"I think the country needs a conversion kit so they can take their standard pick-up trucks, that are out there that are sucking up all the gas that they can't afford, and convert it to using electricity directly from the wall," says Frank.
Frank is holding patents to a conversion kit that could be used to turn any standard vehicle into a plug-in hybrid.
"These cars are much more advanced than the cars that are beiong produced by General Motors, Ford and Toyota at the moment," says Frank.
Frank says technology for a range of affordable all-electric vehicles is still in the distant future.
It could take 50 years before hydrogen vehicles are a reality, but his conversion kit is available now.
"The cost of electricity is about one sixth the cost of gas. It's like, when you use electricity, it's like buying gasoline at about 70 cents a gallon," says Frank.
UC Berkeley transportation researcher Lee Schipper thinks there's something we should be investing in even before alternative vehicles.
"Making conventional cars a little smaller, a little lighter, a little more efficient is probably the next best nearest step, but we need something after that," says Schipper.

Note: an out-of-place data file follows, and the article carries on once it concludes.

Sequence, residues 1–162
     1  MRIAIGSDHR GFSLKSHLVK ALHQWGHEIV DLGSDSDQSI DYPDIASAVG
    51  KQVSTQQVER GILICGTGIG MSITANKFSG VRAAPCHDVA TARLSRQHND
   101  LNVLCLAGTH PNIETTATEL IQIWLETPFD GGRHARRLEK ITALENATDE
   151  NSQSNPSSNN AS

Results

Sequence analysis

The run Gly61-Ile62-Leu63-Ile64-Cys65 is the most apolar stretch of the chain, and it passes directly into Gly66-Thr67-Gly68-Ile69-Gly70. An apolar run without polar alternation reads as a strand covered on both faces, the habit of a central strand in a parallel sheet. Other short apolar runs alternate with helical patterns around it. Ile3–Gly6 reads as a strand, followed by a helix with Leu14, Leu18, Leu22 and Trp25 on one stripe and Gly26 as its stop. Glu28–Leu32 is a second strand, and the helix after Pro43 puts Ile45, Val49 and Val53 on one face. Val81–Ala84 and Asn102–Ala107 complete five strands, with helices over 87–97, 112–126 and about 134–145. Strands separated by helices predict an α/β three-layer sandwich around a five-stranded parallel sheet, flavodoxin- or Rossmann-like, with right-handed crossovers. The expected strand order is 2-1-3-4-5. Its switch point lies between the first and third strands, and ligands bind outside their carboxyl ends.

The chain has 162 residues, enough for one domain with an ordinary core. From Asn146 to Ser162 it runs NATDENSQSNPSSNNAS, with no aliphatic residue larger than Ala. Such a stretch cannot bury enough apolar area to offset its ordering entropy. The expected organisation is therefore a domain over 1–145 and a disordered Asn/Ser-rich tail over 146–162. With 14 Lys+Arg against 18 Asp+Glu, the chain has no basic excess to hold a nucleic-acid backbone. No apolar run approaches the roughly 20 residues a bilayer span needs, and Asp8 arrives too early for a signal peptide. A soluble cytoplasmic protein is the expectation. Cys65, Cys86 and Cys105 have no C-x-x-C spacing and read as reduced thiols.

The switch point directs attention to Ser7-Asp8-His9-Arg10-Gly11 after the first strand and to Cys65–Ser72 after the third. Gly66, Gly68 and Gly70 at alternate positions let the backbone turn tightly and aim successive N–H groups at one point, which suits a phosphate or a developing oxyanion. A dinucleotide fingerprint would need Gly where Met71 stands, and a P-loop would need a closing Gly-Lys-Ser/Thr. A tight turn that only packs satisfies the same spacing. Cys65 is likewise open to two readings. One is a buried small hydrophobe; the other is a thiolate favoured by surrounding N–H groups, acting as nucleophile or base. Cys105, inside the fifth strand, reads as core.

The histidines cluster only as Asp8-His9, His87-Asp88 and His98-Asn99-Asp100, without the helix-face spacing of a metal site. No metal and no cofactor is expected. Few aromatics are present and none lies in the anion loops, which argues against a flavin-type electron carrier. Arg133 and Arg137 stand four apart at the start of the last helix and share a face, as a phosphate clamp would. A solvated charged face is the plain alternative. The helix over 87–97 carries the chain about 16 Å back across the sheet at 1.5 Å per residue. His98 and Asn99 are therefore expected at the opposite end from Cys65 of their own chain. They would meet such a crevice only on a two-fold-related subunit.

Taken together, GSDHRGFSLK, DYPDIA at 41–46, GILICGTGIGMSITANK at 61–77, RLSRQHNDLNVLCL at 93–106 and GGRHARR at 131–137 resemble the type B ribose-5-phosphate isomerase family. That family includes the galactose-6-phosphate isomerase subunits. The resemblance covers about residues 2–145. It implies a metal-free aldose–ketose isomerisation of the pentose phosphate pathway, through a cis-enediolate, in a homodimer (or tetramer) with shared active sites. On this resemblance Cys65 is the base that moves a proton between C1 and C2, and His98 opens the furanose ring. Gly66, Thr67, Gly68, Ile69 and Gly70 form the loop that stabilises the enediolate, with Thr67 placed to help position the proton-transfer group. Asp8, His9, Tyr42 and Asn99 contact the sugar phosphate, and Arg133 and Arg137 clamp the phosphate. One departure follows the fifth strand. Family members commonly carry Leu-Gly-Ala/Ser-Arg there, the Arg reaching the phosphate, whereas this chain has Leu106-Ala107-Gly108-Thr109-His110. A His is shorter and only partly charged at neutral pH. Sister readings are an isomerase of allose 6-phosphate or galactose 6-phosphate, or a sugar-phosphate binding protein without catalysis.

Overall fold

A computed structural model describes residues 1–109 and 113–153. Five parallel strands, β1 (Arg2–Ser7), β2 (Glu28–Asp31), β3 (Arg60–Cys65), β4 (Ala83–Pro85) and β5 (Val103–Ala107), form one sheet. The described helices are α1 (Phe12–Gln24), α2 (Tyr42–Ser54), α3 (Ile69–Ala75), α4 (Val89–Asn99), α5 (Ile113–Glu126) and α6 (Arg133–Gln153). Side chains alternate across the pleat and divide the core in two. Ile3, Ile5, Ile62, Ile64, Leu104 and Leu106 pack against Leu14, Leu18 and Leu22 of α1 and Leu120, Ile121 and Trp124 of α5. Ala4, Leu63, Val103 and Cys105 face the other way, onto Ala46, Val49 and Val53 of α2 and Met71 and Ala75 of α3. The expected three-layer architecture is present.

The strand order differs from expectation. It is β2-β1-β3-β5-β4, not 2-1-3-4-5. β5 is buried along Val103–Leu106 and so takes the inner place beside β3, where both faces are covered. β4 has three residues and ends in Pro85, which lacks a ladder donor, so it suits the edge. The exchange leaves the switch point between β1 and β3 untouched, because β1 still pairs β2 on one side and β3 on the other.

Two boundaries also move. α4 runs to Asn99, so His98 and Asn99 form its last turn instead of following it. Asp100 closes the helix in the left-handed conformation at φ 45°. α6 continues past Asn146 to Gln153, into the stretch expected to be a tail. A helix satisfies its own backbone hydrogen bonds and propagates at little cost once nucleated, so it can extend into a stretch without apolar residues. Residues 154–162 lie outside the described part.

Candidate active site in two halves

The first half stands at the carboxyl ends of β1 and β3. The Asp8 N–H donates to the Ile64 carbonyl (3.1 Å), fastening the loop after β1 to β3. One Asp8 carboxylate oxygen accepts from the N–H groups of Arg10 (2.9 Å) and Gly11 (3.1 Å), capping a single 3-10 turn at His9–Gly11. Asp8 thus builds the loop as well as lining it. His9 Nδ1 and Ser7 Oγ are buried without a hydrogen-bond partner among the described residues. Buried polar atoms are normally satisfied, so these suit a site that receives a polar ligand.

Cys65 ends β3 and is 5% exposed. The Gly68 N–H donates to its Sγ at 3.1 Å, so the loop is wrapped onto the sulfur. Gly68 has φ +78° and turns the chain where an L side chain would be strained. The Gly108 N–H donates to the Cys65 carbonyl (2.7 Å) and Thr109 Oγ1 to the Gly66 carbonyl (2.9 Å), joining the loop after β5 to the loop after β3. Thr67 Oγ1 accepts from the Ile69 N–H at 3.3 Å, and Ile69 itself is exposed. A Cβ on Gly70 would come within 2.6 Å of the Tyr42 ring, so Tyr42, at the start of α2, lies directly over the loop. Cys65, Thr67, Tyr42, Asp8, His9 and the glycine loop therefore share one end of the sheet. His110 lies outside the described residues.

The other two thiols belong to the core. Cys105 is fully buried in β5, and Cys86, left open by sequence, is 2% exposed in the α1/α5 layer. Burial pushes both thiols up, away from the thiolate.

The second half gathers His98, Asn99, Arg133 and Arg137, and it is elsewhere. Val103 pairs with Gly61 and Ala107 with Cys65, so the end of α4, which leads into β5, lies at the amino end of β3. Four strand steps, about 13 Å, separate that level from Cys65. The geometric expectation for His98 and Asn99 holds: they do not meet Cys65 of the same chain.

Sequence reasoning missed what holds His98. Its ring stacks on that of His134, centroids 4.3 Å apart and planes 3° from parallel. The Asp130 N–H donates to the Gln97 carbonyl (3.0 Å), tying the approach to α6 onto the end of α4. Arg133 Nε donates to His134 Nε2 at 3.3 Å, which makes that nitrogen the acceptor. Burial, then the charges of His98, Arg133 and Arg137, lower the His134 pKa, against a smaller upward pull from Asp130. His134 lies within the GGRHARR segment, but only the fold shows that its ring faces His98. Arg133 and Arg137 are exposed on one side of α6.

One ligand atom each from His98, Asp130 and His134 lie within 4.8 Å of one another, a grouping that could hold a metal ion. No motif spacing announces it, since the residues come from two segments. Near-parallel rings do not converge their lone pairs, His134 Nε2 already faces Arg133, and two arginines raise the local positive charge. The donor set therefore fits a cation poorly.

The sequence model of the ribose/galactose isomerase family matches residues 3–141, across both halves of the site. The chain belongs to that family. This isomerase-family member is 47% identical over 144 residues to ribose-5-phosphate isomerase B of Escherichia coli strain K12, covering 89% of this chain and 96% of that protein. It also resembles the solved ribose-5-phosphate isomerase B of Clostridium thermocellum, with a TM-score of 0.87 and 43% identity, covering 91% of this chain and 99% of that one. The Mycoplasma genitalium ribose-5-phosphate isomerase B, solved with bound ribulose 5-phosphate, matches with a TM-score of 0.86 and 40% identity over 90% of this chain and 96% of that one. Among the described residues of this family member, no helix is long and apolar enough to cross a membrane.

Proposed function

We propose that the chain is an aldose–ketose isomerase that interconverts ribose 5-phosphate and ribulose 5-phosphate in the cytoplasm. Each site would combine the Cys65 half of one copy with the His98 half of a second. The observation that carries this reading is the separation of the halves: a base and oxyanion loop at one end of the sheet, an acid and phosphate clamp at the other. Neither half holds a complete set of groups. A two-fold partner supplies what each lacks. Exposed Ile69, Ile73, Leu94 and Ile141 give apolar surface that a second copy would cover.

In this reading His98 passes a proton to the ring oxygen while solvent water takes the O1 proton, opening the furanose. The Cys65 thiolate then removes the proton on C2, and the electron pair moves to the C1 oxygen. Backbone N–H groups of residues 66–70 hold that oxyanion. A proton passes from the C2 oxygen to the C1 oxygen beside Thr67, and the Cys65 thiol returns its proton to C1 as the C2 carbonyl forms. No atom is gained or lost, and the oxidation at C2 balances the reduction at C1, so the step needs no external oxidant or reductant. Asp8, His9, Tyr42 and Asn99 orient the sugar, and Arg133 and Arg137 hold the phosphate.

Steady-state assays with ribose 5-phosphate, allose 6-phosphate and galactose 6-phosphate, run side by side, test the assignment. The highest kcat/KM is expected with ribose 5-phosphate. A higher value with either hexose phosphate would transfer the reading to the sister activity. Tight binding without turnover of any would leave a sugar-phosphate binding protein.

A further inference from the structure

Schipper says that in the long-term, it's hard to say which new technology might prevail, but the competition can't hurt. He compares it to another kind of technology.
"I can't necessarily justify an iPhone, but thanks to iPhone, there's 10 or 20 different kinds of smart phones that are priced less."
He says the various types of different alternative vehicles will probably be whittled down.
"A hundred years ago, we had a mish-mash. We all kinds of external combustion, internal combustion , electric. Henry Ford drove electric. What won was the gasoline car. Mainly because gasoline carries so much energy and the engines can be mass produced," says Schipper.
Andy Frank is trying to take his conversion-kit commercial at a cost of about $10,000 each.